For demonstration purposes NodeBootstrap also packs Twitter's Bootstrap framework and shows how to manage Mustache/Handlebars-based view. It's not a mandatory part of the project. NodeBootstrap is often used for web API projects, where there is no human-centric UI.
Assuming you already have node and npm installed (if not: I recommend using nvm), run following commands to bootstrap a new Node/Express project:
$ npm install nodebootstrap -g $ nodebootstrap build hello
You can replace
hello in the above example with a sensible name for your project. Once the project is built, start the application by:
$ cd hello $ ./bin/dev_start.sh
and you should see a simple "hello" response at:
You can also customize it by visiting
http://localhost:3000/hello?name=yourname, but really
what you should probably do instead is — dive into the code and see how everything is put together.
In addition to solving common boilerplate, central design principle of NodeBootstrap is to compose applications with re-usable, fully encapsulated, targeted set of modules.
In a more "spaghetti" Node project you may see HTTP route handlers in the main script or application area, tangled together. What TJ argues for and NodeBootstrap implements is: letting each module declare their own handlers, so if you are installing a "user management" or "blog" module, all you need to do is NPM install that module and indicate from the main app where in the URL path the routes get attached. Compare this, in your main server.js file:
app.use('/users', require('./lib/user')); // attach to sub-route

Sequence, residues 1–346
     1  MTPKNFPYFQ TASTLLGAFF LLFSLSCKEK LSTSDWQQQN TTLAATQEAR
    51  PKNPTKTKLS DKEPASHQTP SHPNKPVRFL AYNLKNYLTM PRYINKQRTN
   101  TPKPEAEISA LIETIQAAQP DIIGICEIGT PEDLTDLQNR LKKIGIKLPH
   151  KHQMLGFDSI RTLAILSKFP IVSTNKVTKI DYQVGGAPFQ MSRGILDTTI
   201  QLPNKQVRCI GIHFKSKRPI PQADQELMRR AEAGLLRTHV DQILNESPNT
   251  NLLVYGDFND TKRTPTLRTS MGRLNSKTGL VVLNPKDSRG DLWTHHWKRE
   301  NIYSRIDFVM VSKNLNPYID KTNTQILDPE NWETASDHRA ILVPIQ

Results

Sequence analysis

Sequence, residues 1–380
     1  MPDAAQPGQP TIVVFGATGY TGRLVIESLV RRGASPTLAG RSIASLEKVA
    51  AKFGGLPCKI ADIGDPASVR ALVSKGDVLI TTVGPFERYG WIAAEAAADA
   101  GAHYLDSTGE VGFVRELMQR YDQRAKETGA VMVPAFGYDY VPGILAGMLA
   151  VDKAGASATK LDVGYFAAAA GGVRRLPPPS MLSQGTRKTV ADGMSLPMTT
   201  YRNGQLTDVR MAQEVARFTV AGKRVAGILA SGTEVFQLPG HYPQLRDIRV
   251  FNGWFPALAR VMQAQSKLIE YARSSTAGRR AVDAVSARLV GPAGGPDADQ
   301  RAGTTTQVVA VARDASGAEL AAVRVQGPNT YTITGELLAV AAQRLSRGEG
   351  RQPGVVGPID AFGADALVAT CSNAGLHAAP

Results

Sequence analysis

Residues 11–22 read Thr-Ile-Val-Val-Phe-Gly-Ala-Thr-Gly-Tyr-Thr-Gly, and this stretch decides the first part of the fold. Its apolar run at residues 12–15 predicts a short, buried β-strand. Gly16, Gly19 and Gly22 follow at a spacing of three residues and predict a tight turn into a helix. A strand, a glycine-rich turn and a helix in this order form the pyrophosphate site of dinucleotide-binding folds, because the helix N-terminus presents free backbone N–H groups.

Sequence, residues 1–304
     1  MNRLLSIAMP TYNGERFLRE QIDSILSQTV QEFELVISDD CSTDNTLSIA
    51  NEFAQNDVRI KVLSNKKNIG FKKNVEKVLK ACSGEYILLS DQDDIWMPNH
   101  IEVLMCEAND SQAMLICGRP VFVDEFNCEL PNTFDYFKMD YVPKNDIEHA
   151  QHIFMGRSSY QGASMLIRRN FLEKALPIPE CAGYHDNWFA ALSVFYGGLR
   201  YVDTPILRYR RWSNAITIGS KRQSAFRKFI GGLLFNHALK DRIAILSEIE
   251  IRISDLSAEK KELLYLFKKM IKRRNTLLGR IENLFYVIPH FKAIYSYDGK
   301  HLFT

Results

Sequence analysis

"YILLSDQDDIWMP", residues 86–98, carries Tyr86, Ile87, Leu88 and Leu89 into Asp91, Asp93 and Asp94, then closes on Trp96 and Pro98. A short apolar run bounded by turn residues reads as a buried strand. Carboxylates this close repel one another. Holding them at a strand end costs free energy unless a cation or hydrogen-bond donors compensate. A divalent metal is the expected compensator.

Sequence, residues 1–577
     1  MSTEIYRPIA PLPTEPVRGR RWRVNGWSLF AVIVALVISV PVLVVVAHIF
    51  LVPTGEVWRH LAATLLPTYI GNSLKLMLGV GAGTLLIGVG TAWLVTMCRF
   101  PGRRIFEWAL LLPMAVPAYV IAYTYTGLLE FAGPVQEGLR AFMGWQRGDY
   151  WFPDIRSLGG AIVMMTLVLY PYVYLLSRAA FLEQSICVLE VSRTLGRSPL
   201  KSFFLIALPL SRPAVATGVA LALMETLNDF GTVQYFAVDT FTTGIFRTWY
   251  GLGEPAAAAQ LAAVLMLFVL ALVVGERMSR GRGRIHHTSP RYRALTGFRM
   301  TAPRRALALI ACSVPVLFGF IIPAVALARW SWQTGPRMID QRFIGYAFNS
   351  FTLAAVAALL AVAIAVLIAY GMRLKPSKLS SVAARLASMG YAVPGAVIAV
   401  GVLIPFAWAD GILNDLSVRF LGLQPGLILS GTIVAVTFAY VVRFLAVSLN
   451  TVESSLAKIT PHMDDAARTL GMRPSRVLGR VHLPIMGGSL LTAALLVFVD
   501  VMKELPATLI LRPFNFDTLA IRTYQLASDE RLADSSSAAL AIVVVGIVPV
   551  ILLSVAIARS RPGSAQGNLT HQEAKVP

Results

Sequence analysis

app.get('/user', user.get); app.post('/user', user.new); app.delete('/user', user.remove); ... app.get('/users/locations', user.getLocations); app.post('/users/photos', user.getAvatars);
First is how NodeBootstrap handles things, the latter: what you may, alas, see in many projects that don't use elegant componentization similar to NodeBootstrap style.
Feel free to check-out more details about module design per NodeBootstrap in the source code of the sample module: https://github.com/inadarei/nodebootstrap/tree/master/lib/hello
NodeBootstrap comes with three shell scripts (located in the
- dev_start.sh will start your server.js node app in single-CPU mode with hot-realoading of code enabled. Convenient for active development.
- start.sh will start your server.js without hot-reloading, but with as many child processes as you have CPU cores. Recommended for production.
- stop.sh is a counterpart of start.sh to easily stop running background processes.
By default, dev_start.sh also lets Express.js handle static files so you don't have to have a web server. The production version: start.sh assumes that you want your web-server (Nginx?) to take on this job.
Contextualizing Runtime Environment
Following environmental variables can affect the runtime behavior and startup mode:
- NODE_LAUNCH_SCRIPT - defaults to "server.js"
- NODE_ENV - defaults to "production"
- NODE_CLUSTERED - defaults to 1 (on)
- NODE_HOT_RELOAD - defaults to 0 (off)
- NODE_SERVE_STATIC - defaults to 0 (off) - in production you should serve static content with NginX, not: Node.